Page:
basketball

Johnnies Fail in Their Role As The Hunted

ROBBINS NEST

By Lenn Robbins

For the first time this season the hunters had become the hunted.

St. John’s had forced this transition after winning 6-of-7 and joining the NCAA Tournament chatter. Coach Mike Anderson knew how difficult this change of roles would be. The veteran coach had learned this when he turned faltering programs at Alabama-Birmingham, Missouri and Arkansas into winners. There always came a time when his program was perceived differently and opponents came with a fury.

That moment for his St. John’s squad came Saturday night in Carnesecca Arena. The Johnnies hosted a woeful DePaul program that had just one league win to its credit. The Blue Demons had no postseason possibilities to play for, just a chance to play, which is beautiful gift this season.

“I warned our guys,” Anderson said after a brutal 88-83 loss that leaves St. John’s with only one route to the NCAA Tournament.

“They don’t control their own fate short of winning the league,” CBS Sports Bracketologist Jerry Palm told TheNYExtra.com before the Johnnies suffered their worst loss of the season. “Winning out the regular season could be enough but ask me again when they get closer.”

The Red Storm (14-9 overall, 8-8 in the Big East) is farther away from March Madness than it was before tipoff.

 And they will be the hunted in three remaining regular season games. St. John’s hosts Providence (11-11, 7-9), which sits below the Johnnies, plays at Villanova (14-3, 9-2), which will be looking to avenge a 70-59 loss, and hosts Seton Hall (13-9, 10-6) which would like nothing more than to kick their cross-Hudson River rivals into the bottom of the standings where they once were at 1-5.

But that stretch also gives Anderson a chance to see if his players learned a painful lesson in his second season.

“My job as a coach is to try and keep them in the moment,” said Anderson. “But they are human, they are kids, and sometimes you read the clippings, but then people show up to play you. St. John’s, with how we are playing, people are going to come at you a little harder.”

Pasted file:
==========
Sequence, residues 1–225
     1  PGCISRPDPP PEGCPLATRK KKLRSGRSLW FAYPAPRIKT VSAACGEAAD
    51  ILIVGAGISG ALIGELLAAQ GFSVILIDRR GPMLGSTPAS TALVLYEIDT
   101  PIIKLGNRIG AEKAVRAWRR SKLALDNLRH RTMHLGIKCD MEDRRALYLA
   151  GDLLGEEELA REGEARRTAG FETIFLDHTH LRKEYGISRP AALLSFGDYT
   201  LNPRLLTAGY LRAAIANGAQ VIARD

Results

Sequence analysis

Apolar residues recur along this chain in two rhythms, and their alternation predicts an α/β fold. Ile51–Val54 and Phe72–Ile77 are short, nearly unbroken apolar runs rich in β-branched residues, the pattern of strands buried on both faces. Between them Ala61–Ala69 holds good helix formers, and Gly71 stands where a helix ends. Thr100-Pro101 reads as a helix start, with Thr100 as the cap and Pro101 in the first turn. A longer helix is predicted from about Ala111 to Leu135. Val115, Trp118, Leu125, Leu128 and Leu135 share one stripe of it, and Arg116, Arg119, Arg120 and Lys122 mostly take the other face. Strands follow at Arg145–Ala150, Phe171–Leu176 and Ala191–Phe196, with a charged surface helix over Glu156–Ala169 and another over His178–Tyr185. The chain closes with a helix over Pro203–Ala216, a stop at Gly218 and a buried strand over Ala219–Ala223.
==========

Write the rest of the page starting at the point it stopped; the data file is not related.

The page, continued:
DePaul played harder and tougher, two of the traits Anderson has instilled in this team.

“I’m so impressed with that team,” ESPN’s premier college basketball analyst Jay Bilas said of St. John’s. “They play hard.”

On this night, they did not play hard enough. On this night, DePaul (4-10, 2-10) took the Johnnies inside and pounded them 58-18, a stat so glaring it looks like a misprint. On this night, they allowed the Blue Demons to shoot a season-high 63-percent from the field.

“Our toughness, that is what it comes down to,” said St. John’s star Julian Champagnie, who had 29 points and seven rebounds. “There is no real explanation for it. They came out and they played harder, they wanted it more.”  

The hunters also do.

By Lenn Robbins

For the first time this season the hunters had become the hunted.

St. John’s had forced this transition after winning 6-of-7 and joining the NCAA Tournament chatter. Coach Mike Anderson knew how difficult this change of roles would be. The veteran coach had learned this when he turned faltering programs at Alabama-Birmingham, Missouri and Arkansas into winners. There always came a time when his program was perceived differently and opponents came with a fury.

That moment for his St. John’s squad came Saturday night in Carnesecca Arena. The Johnnies hosted a woeful DePaul program that had just one league win to its credit. The Blue Demons had no postseason possibilities to play for, just a chance to play, which is beautiful gift this season.

“I warned our guys,” Anderson said after a brutal 88-83 loss that leaves St. John’s with only one route to the NCAA Tournament.

“They don’t control their own fate short of winning the league,” CBS Sports Bracketologist Jerry Palm told TheNYExtra.com before the Johnnies suffered their worst loss of the season. “Winning out the regular season could be enough but ask me again when they get closer.”

The Red Storm (14-9 overall, 8-8 in the Big East) is farther away from March Madness than it was before tipoff.

 And they will be the hunted in three remaining regular season games. St. John’s hosts Providence (11-11, 7-9), which sits below the Johnnies, plays at Villanova (14-3, 9-2), which will be looking to avenge a 70-59 loss, and hosts Seton Hall (13-9, 10-6) which would like nothing more than to kick their cross-Hudson River rivals into the bottom of the standings where they once were at 1-5.

But that stretch also gives Anderson a chance to see if his players learned a painful lesson in his second season.

“My job as a coach is to try and keep them in the moment,” said Anderson. “But they are human, they are kids, and sometimes you read the clippings, but then people show up to play you. St. John’s, with how we are playing, people are going to come at you a little harder.”

DePaul played harder and tougher, two of the traits Anderson has instilled in this team.

“I’m so impressed with that team,” ESPN’s premier college basketball analyst Jay Bilas said of St. John’s. “They play hard.”

On this night, they did not play hard enough. On this night, DePaul (4-10, 2-10) took the Johnnies inside and pounded them 58-18, a stat so glaring it looks like a misprint. On this night, they allowed the Blue Demons to shoot a season-high 63-percent from the field.

“Our toughness, that is what it comes down to,” said St. John’s star Julian Champagnie, who had 29 points and seven rebounds. “There is no real explanation for it. They came out and they played harder, they wanted it more.”  

The hunters also do.

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